(i) If incentive paid out is less than or equal to two (2) months of salary, service retention period of one (1) month applies.
(ii) If incentive paid out is more than two (2) months of salary, service retention period of two (2) months applies."
He then directed the company to amend its pleadings and allowed Sia to amend his defence.
The judge explained that even though the company had overlooked the clause in their claim, the main argument would be the same — that Sia had quit on the same month he received the bonus.
Based on this understanding, Sia could have kept his bonus had he stayed employed in the company a few more weeks.

Engineer claimed he didn't know handbook changed​

After the amendments, during the second stage of the trial, Sia argued that the "Service Retention Period" clause was only introduced to the Handbook on Feb. 11, 2022, and that he never acknowledged or agreed to it.
The company then rebutted that it had emailed employees to notify them of the changes.
It also argued that the bonus was "discretionary in nature"; therefore, it was up to the company to decide how it's paid out.
The company's HR consultant testified that Sia was deemed eligible for the bonus when it was processed, but later on was no longer eligible to receive or retain it.
The judge agreed that the new clause is enforceable and entitles the company to a "clawback payment".
He allowed the company's claim but stated that in a future hearing to decide on legal fees, he would consider that the company had initially based their claim on the wrong clause.
Top image via Google Maps


Why his bonus so little one? Only 8k+ and have to go to court and so many hassle. Just return it lah.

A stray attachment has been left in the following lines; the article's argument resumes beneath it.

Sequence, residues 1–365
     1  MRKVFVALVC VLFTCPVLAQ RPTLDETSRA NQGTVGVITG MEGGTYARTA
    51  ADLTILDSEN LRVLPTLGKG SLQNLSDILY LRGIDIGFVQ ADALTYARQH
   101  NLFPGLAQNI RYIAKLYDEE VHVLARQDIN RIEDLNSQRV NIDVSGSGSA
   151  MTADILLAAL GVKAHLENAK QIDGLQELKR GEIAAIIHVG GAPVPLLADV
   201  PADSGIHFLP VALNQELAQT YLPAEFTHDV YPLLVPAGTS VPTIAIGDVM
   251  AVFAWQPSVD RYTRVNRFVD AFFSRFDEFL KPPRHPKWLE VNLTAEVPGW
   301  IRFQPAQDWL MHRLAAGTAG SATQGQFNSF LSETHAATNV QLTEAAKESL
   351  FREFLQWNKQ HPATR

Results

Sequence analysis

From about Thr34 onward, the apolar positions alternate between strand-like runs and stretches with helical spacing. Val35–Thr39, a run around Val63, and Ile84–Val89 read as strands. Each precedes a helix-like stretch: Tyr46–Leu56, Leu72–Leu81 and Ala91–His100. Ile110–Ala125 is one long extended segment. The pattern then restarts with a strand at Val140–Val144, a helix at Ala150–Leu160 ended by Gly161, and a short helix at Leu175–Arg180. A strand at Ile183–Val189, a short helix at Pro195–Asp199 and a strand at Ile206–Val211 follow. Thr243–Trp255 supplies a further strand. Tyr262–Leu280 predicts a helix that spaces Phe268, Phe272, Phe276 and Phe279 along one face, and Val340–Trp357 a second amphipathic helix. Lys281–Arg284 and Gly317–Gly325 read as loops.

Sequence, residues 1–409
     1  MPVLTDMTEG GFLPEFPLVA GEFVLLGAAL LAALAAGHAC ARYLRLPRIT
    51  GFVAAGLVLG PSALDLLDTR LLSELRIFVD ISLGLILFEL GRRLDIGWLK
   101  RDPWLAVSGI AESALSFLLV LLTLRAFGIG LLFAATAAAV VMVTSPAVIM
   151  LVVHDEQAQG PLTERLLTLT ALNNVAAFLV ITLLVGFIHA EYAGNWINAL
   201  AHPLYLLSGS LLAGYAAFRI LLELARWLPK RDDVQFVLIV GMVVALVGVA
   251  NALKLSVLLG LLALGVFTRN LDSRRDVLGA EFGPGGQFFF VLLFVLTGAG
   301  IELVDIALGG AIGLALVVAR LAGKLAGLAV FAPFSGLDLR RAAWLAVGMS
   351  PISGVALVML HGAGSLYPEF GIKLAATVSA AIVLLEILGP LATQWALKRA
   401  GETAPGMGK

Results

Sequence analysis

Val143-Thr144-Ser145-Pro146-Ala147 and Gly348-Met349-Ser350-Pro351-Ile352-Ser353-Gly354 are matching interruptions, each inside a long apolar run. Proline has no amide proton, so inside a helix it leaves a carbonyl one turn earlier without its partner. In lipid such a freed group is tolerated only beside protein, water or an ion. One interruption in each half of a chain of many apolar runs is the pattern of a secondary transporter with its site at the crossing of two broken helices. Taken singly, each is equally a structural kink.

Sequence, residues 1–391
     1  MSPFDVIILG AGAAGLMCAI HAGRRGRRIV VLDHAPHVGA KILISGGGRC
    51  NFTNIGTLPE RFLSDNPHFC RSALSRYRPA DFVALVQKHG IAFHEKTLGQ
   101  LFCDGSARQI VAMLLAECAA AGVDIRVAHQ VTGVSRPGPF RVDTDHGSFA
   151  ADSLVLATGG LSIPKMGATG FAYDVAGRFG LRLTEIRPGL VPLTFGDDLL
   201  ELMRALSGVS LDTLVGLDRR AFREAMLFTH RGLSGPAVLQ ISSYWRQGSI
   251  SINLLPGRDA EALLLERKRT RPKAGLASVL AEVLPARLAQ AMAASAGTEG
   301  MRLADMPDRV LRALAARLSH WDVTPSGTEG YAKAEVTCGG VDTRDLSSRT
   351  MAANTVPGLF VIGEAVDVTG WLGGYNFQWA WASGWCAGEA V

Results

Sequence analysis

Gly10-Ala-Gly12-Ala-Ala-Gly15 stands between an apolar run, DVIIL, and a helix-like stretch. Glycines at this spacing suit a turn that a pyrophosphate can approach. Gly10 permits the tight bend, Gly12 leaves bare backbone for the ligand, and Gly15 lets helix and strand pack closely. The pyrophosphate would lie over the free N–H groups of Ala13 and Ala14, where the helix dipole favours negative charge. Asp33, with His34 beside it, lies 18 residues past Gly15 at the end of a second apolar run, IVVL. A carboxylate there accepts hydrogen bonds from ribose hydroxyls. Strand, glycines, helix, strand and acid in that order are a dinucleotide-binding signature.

It is not like it's 800k. Understand very wasted have to return, but also must return lah. But 8k only have to go to court.. Wah Lou.


Alfrescian (Inf)
This type of kucing kurap SME is so stingy over a paltry sum of $7200. End up cannot even cover the lawyer's fees.


bonus paid for work he has done past years and that also want to take back...

the worse is ....

Scrooball (clone)

In house lawyer lah, must make them slog.

Sme boss probably live in big house, the 8k will be used to upgrade sports rims on his 2nd Merc.
Lol in house lawyer? U think this kind of lanjiao SG SME company got an in house lawyer? I suspect they don’t even have an in house accountant. Maybe farm it out to some freelancer.


Now everyone will avoid

Quantum Technologies Global Pte Ltd

like the plague. Reclaiming bonuses are petty and is just the tip of the abusive iceberg. Clearly a shitty company.


Alfrescian (Inf)
Lol in house lawyer? U think this kind of lanjiao SG SME company got an in house lawyer? I suspect they don’t even have an in house accountant. Maybe farm it out to some freelancer.
some hire auditors and attorneys based on annual retainer’s fee, i.e. like part time contract work with basic charges plus add ons depending on case loads. they are not full time employees of the sme. if “basic” covers suing employees for bonus payback, then it’s worth the annual fee. some sme towkays like to squeeze these professional retainers dry to sexact and sextract every penny spent. it’s sumtimes better and more worthwhile to hire attorneys and auditors or accountants on retainer basis if family or biz has ongoing issues with inheritance and or proceeds from biz with sizable fortunes affording the cost. the overall cost will be lower compared to a case by case nickel and dime legal or accounting professional. my family hires a lawyer case by case, and she’s nickeling and diming us to hundreds of thousands with progressive rates after eyeing the total sum. every call, meeting, document, consultation she charges thousands of dollars. my recommendation for family and biz with means is to retain a lawyer based on a pre-negotiated rate and contract to cover as many items and contingencies as possible without additional charges within the period of a year. it’s like fixed rate with cap for 1 year compared to variable rates on per case basis. if retainer contract needs another year, be prepared for lawyer to increase charges by 69%. they are greedy money grabbing scums.